Four or five such patients are boarded in the ED at any given time at C.S. Mott Children’s Hospital. Some are boarded for up to 10 days. “We are also seeing high capacity on our inpatient unit, with limited inpatient bed space throughout the state and increased boarding of youth on medical floors,” Malas adds.
Negative care outcomes, treatment delays, risk of injury (to patients, family, or staff), and poor satisfaction are undesirable outcomes resulting from boarding. Malas offers some risk mitigation practices:
• Survey the department for safety issues, including ligature risk (anything that could be used for the purpose of hanging or strangulation). Ensuring the absence of items that could cause harm is crucial, but it is not the only concern. “EDs must also promote an environment that is therapeutic and accounts for the developmental, emotional, and psychological needs of youth that remain in the ED for extended times,” Malas says.
• Actively address mental health issues while the patient is in the department. During boarding, pediatric patients with mental health emergencies can be forgotten. They still need care. “ED providers should either provide ongoing care while awaiting a psychiatric bed, or potentially manage the acute mental health crisis and facilitate a disposition to a less restrictive environment,” Malas says.
The patient’s presentation can change for the better or worse. “Iterative evaluation can be valuable to inform care needs and determine if admission is still needed,” Malas notes.
If that is the case, the ED can provide accepting facilities up-to-date information on the patient’s condition. On the other hand, it also is possible active intervention during boarding might mitigate the need to pursue higher levels of care, such as psychiatric admission. Some patients improve in the ED and can be discharged safely.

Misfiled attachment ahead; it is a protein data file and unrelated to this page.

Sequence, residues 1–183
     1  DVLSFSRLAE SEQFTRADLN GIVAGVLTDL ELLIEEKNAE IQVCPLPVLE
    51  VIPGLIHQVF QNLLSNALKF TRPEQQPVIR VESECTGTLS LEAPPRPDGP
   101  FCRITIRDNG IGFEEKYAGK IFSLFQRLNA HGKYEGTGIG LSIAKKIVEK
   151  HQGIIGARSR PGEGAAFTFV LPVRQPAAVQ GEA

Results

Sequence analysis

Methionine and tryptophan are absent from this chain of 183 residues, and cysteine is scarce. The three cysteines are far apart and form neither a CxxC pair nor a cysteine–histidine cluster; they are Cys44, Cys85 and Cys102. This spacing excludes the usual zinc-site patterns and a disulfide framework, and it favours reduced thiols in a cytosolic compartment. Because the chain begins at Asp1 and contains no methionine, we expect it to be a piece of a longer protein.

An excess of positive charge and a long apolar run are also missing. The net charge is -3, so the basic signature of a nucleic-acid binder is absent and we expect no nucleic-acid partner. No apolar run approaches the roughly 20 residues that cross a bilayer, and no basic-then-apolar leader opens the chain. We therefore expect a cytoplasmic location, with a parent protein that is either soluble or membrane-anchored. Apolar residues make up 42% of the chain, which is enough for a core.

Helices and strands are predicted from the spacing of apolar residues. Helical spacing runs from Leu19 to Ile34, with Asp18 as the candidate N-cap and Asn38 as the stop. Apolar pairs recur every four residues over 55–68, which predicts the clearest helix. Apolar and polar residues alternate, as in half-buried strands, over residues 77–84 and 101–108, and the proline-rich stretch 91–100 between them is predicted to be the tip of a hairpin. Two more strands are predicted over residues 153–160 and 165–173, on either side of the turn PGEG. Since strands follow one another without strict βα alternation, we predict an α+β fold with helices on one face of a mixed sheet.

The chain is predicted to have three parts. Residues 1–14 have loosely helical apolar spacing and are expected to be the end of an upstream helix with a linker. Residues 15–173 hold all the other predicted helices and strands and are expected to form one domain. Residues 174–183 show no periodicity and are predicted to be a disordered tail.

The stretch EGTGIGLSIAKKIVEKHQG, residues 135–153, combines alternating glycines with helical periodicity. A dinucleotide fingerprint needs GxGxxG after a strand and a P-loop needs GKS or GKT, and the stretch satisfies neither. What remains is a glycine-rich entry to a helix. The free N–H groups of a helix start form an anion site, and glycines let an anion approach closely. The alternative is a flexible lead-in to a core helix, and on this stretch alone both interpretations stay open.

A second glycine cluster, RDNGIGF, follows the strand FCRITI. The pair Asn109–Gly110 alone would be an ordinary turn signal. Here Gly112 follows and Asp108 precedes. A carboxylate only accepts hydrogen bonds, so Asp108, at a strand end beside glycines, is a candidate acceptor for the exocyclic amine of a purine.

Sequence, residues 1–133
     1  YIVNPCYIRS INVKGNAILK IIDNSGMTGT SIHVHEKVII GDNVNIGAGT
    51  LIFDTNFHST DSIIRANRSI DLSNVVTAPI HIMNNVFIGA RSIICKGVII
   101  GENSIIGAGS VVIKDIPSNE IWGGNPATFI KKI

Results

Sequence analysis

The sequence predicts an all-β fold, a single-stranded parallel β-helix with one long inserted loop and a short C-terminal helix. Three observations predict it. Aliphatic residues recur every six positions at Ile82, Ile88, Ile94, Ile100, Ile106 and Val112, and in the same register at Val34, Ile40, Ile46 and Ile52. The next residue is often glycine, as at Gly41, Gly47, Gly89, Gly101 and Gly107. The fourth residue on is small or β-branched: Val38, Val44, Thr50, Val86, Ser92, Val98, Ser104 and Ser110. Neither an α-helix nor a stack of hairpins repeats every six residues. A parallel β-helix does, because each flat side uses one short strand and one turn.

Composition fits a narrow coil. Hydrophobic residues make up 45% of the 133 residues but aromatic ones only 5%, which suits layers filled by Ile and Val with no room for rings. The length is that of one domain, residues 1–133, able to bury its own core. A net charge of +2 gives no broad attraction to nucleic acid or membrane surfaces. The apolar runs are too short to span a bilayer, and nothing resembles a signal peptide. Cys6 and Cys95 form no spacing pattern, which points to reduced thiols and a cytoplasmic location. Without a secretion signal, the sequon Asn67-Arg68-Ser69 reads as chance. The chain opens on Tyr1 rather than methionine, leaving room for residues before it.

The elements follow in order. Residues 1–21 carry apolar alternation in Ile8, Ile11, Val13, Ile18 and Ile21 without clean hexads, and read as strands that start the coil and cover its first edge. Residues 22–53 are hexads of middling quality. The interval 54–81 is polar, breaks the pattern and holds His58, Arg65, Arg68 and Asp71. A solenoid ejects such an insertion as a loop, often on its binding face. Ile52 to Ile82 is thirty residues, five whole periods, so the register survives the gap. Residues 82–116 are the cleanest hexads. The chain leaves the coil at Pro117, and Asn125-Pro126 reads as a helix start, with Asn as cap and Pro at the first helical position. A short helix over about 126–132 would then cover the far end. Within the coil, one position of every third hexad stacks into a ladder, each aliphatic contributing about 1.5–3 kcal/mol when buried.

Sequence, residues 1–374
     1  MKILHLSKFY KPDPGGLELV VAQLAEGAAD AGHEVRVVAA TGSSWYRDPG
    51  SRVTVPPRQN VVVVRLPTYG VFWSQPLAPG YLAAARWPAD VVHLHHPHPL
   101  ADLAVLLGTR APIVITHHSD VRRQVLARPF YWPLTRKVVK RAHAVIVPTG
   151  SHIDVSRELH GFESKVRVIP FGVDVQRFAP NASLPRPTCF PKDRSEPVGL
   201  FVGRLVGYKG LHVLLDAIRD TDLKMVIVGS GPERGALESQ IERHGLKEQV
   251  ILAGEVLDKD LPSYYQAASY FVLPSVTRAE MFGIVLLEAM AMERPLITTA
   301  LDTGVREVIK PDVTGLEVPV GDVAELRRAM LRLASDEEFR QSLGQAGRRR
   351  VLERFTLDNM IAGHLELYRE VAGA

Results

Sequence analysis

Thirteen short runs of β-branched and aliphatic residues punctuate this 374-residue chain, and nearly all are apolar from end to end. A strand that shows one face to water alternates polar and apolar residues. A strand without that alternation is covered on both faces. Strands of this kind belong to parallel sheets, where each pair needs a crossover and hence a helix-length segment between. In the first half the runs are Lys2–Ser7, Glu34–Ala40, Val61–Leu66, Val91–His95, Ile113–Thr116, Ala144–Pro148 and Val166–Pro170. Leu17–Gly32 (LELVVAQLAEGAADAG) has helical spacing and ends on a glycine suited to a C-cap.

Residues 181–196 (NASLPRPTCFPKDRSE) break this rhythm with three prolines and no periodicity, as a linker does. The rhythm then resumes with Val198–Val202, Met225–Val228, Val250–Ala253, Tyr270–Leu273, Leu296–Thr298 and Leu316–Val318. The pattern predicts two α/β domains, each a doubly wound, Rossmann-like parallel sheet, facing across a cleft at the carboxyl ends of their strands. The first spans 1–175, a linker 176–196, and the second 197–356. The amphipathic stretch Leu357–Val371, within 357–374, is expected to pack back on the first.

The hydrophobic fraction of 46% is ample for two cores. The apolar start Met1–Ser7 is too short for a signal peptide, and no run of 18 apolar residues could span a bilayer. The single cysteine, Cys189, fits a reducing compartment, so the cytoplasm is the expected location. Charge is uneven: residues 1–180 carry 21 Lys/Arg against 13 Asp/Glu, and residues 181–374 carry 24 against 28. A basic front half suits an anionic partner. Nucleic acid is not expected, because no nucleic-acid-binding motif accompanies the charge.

“Failing to provide continuous care during ED boarding means missed chances to intervene so that the patient may be transitioned to a less restrictive care setting and discharged from the ED,” Malas says.
• Identify dedicated spaces for conversations about mental health and psychosocial stressors. “The emergency department is often a highly stimulating and busy environment that may not be conducive to the sensitive conversations needed for mental healthcare delivery,” Malas observes.
There are two key areas. First is dedicated consultation or interview rooms to engage in private conversations with families or care team members. Second is shared workspaces where clinicians and mental health providers can communicate.
“This enhances collaboration, so long as the spaces allow for private and confidential communications related to mental illness and other sensitive psychosocial communications,” Malas says.
- Leeb RT, Bitsko RH, Radhakrishnan L, et al. Mental health-related emergency department visits among children aged <18 years during the COVID-19 pandemic—United States, January 1–October 17, 2020. MMWR Morb Mortal Wkly Rep 2020;69:1675-1680.
- Yard E, Radhakrishnan L, Ballesteros MF, et al. Emergency department visits for suspected suicide attempts among persons aged 12-25 years before and during the COVID-19 pandemic—United States, January 2019-May 2021. MMWR Morb Mortal Wkly Rep 2021;70:888-894.
- Leyenaar JK, Freyleue SD, Bordogna A, et al. Frequency and duration of boarding for pediatric mental health conditions at acute care hospitals in the US. JAMA 2021;326:2326-2328.
- The Joint Commission. Patient flow through the emergency department. R3 Report. Dec. 19, 2012.
Negative care outcomes, treatment delays, risk of injury (to patients, family, or staff), and poor satisfaction are undesirable outcomes resulting from boarding.